The ECJ also considered the effect of keywords on the "advertising function", to use the trade mark in sales promotion or commercial strategy in general. The ECJ recognised that a brand owner could register its own trade marks as keywords, and would therefore have to pay to ensure that its advertisements were prominently displayed on searches. However, the court recognised that, typically, the proprietor's home page would also appear in the list of the "natural" results, so would be visible to Internet users regardless of keyword advertising. Accordingly, the court did not consider that using a third party trade mark as a keyword in a referencing service would have an adverse effect on the advertising function of the trade mark.

3. Google's liability as the "referencing service provider"

The ECJ also provided guidance as to whether Google's AdWords service was an "information society service" within the meaning of the E-commerce Directive (2000/31). If so, Google could not be held liable for the potential unlawful conduct of the advertisers (see above) if it did not have notice of the unlawful conduct.

The Court concluded that the AdWords service that Google provides to advertisers fell within the definition of an "information society service" under the E-commerce Directive, since it was one that is provided at a distance, by means of electronic equipment for the processing and storage of data at the request of the recipient of the services, and for remuneration.

However, the Court went on to say that the E-commerce Directive only provides such an exemption if "the activity of the information society service provider is of a mere technical, automatic and passive nature, which implies that the service provider 'has neither knowledge nor control over the information which is transmitted or stored'".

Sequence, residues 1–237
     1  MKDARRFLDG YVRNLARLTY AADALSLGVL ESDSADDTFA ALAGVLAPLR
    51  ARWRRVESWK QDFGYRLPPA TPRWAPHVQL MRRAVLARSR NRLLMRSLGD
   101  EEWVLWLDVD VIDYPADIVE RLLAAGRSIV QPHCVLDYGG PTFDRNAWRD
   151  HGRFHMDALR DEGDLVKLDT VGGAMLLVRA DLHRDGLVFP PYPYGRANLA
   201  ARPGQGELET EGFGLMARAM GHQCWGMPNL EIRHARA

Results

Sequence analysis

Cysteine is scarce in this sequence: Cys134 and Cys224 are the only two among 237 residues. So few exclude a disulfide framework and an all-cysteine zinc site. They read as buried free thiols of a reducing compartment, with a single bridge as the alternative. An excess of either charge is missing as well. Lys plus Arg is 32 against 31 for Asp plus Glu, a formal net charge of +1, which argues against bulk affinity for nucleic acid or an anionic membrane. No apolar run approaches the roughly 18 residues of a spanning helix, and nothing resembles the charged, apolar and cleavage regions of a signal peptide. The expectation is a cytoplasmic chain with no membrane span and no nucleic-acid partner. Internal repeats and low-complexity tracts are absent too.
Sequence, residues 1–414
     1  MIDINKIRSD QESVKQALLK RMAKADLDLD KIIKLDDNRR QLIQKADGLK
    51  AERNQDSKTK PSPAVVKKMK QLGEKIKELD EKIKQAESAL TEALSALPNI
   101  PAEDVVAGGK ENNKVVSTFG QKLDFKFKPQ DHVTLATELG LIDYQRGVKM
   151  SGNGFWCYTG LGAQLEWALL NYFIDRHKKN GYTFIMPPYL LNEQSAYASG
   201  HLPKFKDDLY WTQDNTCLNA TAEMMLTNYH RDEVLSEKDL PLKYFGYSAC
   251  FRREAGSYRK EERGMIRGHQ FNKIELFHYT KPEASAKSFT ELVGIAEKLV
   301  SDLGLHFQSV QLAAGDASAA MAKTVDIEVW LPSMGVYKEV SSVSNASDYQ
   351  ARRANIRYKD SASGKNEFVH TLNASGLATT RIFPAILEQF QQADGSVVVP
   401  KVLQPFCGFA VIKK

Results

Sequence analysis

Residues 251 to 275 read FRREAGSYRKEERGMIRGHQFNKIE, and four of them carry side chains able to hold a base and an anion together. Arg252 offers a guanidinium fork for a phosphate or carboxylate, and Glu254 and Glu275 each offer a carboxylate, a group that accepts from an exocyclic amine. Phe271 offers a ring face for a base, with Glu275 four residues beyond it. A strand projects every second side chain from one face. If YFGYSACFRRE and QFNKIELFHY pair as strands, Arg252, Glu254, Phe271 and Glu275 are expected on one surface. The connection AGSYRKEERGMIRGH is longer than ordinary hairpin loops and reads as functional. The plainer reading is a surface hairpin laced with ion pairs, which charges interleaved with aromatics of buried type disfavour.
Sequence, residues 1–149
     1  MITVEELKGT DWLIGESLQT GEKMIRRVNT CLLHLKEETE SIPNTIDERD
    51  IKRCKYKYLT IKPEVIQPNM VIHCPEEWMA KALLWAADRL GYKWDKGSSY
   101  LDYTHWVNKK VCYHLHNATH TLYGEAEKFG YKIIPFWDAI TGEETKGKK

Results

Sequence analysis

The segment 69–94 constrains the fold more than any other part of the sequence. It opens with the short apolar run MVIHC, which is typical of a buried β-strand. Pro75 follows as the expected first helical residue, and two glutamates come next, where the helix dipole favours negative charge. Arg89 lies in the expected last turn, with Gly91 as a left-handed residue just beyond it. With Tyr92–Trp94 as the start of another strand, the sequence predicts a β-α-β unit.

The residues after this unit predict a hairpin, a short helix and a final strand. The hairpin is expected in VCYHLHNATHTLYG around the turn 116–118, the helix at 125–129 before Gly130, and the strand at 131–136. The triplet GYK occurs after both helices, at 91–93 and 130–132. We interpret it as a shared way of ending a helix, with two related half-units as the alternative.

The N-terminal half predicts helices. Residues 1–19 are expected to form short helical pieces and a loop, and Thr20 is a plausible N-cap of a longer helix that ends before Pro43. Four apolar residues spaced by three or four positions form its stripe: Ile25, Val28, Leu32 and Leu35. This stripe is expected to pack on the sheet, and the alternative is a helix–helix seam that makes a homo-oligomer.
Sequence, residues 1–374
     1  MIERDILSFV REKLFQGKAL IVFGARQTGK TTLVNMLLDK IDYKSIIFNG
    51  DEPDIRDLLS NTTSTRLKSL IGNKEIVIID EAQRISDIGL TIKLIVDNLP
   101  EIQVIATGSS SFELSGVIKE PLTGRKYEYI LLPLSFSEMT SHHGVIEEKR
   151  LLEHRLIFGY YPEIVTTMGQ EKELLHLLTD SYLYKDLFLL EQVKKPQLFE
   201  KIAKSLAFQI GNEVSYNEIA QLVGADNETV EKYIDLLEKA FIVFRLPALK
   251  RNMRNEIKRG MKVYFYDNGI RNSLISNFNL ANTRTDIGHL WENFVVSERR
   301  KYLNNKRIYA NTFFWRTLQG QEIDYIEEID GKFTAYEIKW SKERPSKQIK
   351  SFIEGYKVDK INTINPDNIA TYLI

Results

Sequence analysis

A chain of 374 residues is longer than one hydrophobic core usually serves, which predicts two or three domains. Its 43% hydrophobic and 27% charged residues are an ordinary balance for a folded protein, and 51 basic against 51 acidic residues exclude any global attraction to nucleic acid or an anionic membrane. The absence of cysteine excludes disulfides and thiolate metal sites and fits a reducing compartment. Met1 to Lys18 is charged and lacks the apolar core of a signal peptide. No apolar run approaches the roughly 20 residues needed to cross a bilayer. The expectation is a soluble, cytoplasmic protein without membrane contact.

If an internet referencing service provider has not played an active role which would give it knowledge of, or control over, the data stored, it cannot be held liable for the data, unless it has knowledge of the infringement and does not remove the infringing data.

Consequently, it will be a question for the national courts to decide what level of involvement Google has in the AdWords system as to whether Google will be liable for the trade mark infringement of the advertisers. Google would have to be a 'mere conduit' that processes the data entered by advertisers and displays the results depending on the highest 'price per click', and involvement in "drafting the commercial message which accompanies the advertisement" or in the "establishment or selection of keywords" would be relevant. The Court made it clear that the mere fact that Google receives remuneration for the service and provides general information to clients does not (alone) prevent it from benefiting from the exemption.


Both Google and LVMH have claimed this decision as a victory, but the fact that the controversial and lucrative AdWords system has survived such close scrutiny by the ECJ is a hugely important decision for all brand owners in Europe.

The ECJ has attempted to balance the interests of rights owners with third parties who may also want to register a trade mark as a keyword for other purposes (some of which are perfectly legitimate). Whilst the Advocate General's Opinion focused upon avoiding restrictions of freedom of speech and expression on the internet, the ECJ's judgment seems more commercially minded, perhaps recognising the importance of Internet searches in modern commerce.

Although the decision means that brand owners cannot prevent Google selling trade marks as keywords to third parties, there are other enforcement options available. The ECJ's finding that a trade mark can be infringed in a sponsored link advertisement if an Internet user cannot identify the origin of the advertised goods/services opens up a new battleground for enforcement. The decision of the French court will also be followed with interest in relation to Google's role in the selection of the keyword and drafting the commercial message. The ECJ must also give guidance on the remaining ECJ references on this issue, so there will no doubt be plenty more debate still to come.

This article was written for Law-Now, CMS Cameron McKenna's free online information service. To register for Law-Now, please go to

Law-Now information is for general purposes and guidance only. The information and opinions expressed in all Law-Now articles are not necessarily comprehensive and do not purport to give professional or legal advice. All Law-Now information relates to circumstances prevailing at the date of its original publication and may not have been updated to reflect subsequent developments.

The original publication date for this article was 24/03/2010.